Threshold tracking was used to measure excitability indices (strength-duration properties, threshold electrotonus, and the current-threshold relationship) at the motor point of the abductor pollicis brevis, and the results were compared with those of the median nerve at the wrist. Using an accelerometer placed at the thumb tip, movement-related potentials were recorded as target responses. When stimulating at the same site, excitability measurements were no different, and their variability no greater, when the target responses were movements rather than muscle action potentials. Motor point stimulation resulted in significantly shorter strength-duration time-constant and higher rheobase than wrist stimulation. In addition, the technique of latent addition showed that a slow component was much smaller at the motor point than at the wrist. In threshold electrotonus, threshold changes in response to depolarizing and hyperpolarizing conditioning currents were significantly smaller at the motor point than at the wrist. The differences in strength-duration time-constant and latent addition suggest that persistent Na+ current at the resting potential is smaller at the motor point. The differences in threshold electrotonus may depend in part on altered fiber geometry but suggest that inward and possibly outward rectification are increased distally. Motor point excitability testing may provide new insights into the pathophysiology of the nerve terminals in a variety of peripheral neuropathies and motor neuron disorders.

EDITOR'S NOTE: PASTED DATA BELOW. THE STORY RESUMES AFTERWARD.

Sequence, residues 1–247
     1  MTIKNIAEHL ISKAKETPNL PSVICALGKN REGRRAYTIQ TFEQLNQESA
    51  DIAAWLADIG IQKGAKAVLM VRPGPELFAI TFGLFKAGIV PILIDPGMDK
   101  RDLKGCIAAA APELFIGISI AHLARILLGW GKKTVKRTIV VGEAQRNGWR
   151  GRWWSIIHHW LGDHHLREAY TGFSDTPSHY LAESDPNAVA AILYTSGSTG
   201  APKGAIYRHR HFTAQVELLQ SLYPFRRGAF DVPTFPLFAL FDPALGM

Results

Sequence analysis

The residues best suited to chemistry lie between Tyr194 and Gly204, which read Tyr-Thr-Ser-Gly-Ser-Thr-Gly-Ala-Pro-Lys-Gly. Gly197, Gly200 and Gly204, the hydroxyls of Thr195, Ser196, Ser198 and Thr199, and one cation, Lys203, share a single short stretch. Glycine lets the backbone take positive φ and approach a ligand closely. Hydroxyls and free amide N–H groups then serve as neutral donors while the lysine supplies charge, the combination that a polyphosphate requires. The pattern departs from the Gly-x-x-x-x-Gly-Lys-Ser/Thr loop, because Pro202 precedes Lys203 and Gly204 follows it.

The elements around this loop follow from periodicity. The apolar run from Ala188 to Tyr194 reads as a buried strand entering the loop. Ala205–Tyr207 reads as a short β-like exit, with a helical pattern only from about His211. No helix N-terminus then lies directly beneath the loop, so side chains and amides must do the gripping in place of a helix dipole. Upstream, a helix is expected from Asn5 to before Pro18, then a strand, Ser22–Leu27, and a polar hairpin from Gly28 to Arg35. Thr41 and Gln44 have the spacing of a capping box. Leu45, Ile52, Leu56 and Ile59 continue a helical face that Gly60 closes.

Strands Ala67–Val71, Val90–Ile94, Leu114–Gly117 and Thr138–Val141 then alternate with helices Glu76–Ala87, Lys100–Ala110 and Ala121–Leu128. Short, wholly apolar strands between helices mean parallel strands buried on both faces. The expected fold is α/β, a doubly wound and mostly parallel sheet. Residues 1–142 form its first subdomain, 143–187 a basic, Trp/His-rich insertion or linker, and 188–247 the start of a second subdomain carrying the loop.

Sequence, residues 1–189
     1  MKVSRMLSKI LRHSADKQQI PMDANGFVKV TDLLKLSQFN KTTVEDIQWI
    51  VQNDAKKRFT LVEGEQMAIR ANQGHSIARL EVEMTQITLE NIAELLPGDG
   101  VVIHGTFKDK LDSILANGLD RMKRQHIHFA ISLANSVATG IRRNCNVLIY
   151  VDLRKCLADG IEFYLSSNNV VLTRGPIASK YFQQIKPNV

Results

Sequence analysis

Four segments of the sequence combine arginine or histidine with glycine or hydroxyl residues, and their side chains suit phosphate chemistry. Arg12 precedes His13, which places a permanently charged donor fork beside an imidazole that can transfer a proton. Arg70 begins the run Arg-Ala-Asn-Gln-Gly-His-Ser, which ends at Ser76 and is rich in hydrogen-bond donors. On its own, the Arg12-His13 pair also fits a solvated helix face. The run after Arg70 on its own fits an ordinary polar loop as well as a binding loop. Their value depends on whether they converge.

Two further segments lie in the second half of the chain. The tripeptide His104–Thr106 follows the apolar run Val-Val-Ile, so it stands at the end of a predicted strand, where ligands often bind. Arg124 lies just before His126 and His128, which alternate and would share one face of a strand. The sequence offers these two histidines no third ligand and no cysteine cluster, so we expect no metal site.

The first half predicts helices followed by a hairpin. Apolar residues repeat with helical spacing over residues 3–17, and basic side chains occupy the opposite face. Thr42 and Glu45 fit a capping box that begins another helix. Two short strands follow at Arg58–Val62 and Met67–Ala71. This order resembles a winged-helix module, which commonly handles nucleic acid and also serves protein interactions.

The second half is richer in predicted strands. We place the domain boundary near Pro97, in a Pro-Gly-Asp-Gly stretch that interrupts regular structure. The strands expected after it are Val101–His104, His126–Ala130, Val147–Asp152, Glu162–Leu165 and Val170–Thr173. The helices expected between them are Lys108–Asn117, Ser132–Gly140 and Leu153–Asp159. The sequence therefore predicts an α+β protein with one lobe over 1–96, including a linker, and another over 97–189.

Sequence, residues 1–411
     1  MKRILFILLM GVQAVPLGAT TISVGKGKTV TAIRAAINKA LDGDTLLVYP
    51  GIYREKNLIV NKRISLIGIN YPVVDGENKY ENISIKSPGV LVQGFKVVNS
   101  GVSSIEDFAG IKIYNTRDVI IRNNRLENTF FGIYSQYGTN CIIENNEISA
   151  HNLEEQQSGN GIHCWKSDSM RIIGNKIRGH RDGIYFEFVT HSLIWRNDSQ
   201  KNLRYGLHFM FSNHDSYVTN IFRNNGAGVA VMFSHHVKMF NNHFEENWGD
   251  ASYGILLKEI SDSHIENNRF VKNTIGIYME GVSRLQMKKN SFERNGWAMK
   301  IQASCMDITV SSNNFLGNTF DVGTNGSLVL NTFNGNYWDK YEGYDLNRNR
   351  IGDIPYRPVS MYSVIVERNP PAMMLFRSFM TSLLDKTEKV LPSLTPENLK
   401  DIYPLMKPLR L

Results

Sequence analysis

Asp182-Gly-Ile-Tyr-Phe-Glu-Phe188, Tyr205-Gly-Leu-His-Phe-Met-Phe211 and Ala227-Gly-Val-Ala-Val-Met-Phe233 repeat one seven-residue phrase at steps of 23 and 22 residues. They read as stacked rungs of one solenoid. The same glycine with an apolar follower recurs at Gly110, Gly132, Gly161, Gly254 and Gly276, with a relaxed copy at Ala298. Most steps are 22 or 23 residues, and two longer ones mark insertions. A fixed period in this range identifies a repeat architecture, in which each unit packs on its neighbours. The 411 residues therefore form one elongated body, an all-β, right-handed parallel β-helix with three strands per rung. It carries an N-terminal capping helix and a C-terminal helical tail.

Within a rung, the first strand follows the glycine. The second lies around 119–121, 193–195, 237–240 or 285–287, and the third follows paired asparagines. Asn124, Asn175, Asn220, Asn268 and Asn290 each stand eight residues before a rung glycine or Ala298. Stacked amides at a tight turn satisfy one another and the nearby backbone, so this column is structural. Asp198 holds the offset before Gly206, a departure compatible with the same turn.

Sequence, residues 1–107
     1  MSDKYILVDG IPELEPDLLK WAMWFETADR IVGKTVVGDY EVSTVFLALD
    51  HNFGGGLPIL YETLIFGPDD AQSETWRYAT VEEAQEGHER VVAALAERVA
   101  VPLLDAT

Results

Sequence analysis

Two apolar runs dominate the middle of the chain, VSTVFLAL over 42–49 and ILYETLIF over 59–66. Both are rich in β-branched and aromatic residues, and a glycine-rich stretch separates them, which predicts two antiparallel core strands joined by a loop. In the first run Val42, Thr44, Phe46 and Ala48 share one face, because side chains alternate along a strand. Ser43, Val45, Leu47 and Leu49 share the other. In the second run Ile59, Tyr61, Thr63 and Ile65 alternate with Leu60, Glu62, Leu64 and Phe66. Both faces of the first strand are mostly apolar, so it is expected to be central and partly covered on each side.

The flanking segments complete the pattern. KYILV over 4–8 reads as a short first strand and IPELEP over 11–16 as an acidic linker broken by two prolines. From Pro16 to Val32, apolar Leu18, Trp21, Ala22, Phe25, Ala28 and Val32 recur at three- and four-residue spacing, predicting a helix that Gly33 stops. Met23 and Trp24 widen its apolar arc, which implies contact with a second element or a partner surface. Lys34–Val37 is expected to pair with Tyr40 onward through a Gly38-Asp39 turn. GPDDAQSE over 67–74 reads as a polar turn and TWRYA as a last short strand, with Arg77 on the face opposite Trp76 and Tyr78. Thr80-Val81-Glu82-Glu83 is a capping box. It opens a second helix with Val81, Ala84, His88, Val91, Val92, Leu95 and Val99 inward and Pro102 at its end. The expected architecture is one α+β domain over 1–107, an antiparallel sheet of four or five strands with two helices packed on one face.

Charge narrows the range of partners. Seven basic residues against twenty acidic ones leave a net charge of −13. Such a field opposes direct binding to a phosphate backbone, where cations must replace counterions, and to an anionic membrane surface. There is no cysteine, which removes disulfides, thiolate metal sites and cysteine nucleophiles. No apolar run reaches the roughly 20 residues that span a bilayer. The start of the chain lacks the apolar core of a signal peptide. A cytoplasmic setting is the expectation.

ASJC Scopus subject areas
- 神經科學 (全部)